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Comment: Re:Well, well, well, taking about safety... (Score 1) 165

by Firethorn (#49368699) Attached to: Nation's Biggest Nuclear Firm Makes a Play For Carbon Credit Cash

Again - no significant radiation release, it was a prototype reactor from 1962, no injuries amongst the workers, and cleaned up a few years later.

You guys are using accident characteristics for a Stanley Steamer to try to assess the accident danger of a Tesla Model S.
How about this:
Hans Petersen, or this unnamed gentleman. Then there's 3.

Hey, what do you know. Solar electrical power has had more fatalities in California alone than Nuclear electrical in the last decade...

Comment: Re:Well, well, well, taking about safety... (Score 2) 165

by Firethorn (#49368435) Attached to: Nation's Biggest Nuclear Firm Makes a Play For Carbon Credit Cash

only a fool would talk about how having only two "busted"plants is proof of anything.

And only somebody who hasn't taken statistics can say this. The accident rate for nuclear plants is extremely low, and we can do better. For example, did you know that the Fukushima plant predates both the TMI and Chernobyl plants? Modern plants would be much safer.

TMI - no significant radiation release.
Windscale - google shows that it wasn't a power plant, but a nuclear weapon generation facility.
Fermi - No significant radiation release.

I'll take nuclear power, even with it's risks, over coal, oil, and gas any day. Solar and wind can't cover 100% otherwise. My 'ideal' non-carbon mix for electricity generation is ~40% nuclear, 20% solar, 20% wind, and 20% other(hydro, geothermal, biomass, etc...)

Comment: Re: Not everyone (Score 4, Interesting) 130

by Firethorn (#49367275) Attached to: NSA: We Mulled Ending Phone Program Before Edward Snowden Leaks

Forced their hand? Last time I checked, they are: 1) still operating the program, and 2) tenaciously defending it.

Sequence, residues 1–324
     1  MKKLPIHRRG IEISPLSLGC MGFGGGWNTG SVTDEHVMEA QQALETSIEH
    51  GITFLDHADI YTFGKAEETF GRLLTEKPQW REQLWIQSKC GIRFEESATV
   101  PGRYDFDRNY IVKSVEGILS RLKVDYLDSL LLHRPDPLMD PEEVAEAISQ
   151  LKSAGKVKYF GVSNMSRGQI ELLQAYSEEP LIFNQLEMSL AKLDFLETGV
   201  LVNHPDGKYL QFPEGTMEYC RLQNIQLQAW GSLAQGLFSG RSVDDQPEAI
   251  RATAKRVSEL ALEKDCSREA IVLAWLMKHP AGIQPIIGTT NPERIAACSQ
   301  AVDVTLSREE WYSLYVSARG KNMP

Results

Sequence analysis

It's a bit like the Japanese and Whaling. Turns out that the whalers operate at a loss, nobody in Japan actually likes whale meat, etc... But as long as they're under outside pressure to end the program, it becomes a matter of face to defend it.

In short, they may have ended the program since then if Snowden hadn't leaked because the program wasn't justifying itself, but now they're having to defend their illegal and unconstitutional actions, thus they 'have' to continue and justify the program in order to avoid saying they made a mistake.

Comment: Re:Well, well, well, taking about safety... (Score 3, Informative) 165

by Firethorn (#49367249) Attached to: Nation's Biggest Nuclear Firm Makes a Play For Carbon Credit Cash

...what is very little recognized worldwide, is that nuclear energy gets a free lunch at the expense of the taxpayers, as regards risk insurance.

How many other industries have more than $12B in insurance before the government will step in?

I mean, there's no other industry that could cause that much damage in a single incident, is there?

It is the most damned uninsured thing in developed countries and when one of these plants goes bust, you know what happens, ref. Fukusima.

Yeah, we're up to 2 busted nuclear plants in the whole world. All of them were old as hell plants, newer plants survived just fine, and realistically speaking we're being paranoid about the radiation.

If nuclear industry wishes to operate on-par terms with other forms of green technologies, please, bring the actuarial scientists in, to do all the math!

They have. It has even fewer deaths per TWh, including Chernobyl and Fukushima, than solar & wind

Comment: Re:Full benefits & Full responsibility (Score 1) 165

by Firethorn (#49367217) Attached to: Nation's Biggest Nuclear Firm Makes a Play For Carbon Credit Cash